While almost certainly incidental, it’s still worth noting that Dante Lam’s That Demon Within ends how Drug War begins, with an out-of-control vehicle wreaking spectacular havoc. Both films tread similar genre terrain, but among the many differences between them, most striking is that, not only did Johnny To’s film do substantially more with far less, but it gave real weight to the inner lives of its characters, and in the process earned its substantial body count.
That Demon Within stars Daniel Wu as Dave Wong, an honest cop, albeit one who’s psychologically scarred past has limited his career options, and whose present unraveling compounds the toxicity of an unfolding situation involving stolen diamonds and a police informant. In its first half, the film suggests something enigmatic, even impressionistic, though it’s telling that the use of lens filters brings to mind an obsessively stylized Instagram feed. For every visual trick that leaves a tangible emotional or psychological impression (the silent-film-like use of an iris effect to evoke burgeoning anger is especially noteworthy, if only for its simplicity), a dozen more feel arbitrary at best, and when this magician’s bag of tricks runs out, it becomes clear they weren’t adding up to anything in the first place.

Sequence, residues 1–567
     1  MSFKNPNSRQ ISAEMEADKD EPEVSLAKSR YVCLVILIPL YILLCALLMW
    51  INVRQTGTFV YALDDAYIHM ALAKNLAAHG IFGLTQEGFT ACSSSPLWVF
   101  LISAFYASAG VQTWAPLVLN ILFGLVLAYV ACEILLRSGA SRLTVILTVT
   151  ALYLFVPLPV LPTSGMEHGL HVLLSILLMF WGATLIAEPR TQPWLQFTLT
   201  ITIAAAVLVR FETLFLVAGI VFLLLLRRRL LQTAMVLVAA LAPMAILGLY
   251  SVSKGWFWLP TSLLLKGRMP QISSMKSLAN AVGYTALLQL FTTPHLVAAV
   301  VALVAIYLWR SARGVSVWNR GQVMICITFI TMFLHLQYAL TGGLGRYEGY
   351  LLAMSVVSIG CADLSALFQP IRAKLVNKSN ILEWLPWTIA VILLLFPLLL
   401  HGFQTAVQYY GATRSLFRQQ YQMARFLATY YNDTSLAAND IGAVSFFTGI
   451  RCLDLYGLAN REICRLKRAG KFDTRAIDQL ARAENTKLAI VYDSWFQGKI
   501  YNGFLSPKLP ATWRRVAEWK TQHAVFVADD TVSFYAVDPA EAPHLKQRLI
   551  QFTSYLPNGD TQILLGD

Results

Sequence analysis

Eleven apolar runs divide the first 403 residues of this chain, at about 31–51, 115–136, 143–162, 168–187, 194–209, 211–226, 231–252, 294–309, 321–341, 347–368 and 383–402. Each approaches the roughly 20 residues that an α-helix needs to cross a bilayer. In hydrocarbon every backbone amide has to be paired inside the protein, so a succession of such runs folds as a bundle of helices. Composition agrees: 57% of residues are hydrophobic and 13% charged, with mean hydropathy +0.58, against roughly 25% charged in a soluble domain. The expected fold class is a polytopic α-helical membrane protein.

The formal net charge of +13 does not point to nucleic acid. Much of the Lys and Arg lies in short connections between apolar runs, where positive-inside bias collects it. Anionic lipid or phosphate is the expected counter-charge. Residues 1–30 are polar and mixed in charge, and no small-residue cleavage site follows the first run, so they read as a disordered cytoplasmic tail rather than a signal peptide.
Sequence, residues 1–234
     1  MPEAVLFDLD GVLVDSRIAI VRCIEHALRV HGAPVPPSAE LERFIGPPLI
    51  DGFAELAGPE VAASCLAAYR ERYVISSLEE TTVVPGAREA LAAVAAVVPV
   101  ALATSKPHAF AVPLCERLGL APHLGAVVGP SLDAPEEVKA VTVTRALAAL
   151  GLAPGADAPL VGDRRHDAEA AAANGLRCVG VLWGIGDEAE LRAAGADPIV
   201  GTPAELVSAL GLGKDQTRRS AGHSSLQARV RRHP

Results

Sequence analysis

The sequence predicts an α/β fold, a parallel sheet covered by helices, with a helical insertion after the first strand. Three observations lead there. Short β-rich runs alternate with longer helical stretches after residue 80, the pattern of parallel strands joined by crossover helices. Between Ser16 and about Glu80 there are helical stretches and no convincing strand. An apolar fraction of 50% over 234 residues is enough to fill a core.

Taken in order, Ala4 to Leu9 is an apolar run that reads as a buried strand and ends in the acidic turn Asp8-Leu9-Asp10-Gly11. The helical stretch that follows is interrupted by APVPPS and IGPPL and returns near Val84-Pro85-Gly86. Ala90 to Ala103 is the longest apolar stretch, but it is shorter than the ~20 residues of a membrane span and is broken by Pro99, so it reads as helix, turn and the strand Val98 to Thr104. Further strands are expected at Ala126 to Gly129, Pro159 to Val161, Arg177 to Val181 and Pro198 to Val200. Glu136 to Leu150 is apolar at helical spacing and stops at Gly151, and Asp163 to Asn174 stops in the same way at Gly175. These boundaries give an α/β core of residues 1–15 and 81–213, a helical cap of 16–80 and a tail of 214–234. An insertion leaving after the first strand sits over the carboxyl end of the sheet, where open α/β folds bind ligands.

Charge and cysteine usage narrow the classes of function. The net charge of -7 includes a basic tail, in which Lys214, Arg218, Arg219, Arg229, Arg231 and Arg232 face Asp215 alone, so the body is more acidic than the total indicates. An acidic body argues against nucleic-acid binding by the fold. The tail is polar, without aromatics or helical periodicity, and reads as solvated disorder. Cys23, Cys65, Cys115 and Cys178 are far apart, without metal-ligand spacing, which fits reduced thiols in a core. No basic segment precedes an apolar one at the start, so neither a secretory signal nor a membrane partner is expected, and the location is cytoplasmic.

What remains, then, are the kind of psychological shorthands that would make Charlie Kaufman sneer, a rolodex of arbitrary cinematic quotations (everything from Spike Lee’s dolly shots and The Godfather’s horse-head scene to the wailings of Goblin’s work from Suspiria), and violence as thematically slight as it is morally callous. The cumulatively noxious effect is only heightened for wasting Wu’s acutely felt performance, which, in its focus on internalized trauma, suggests the calm center of a monstrous storm, the suggested energy levels of which the surrounding film can only hope to match. Both portentous and weightless, That Demon Within rarely feels like anything more than an effort to pander to the kind of audiences that enjoy Quentin Tarantino’s films for all the wrong reasons.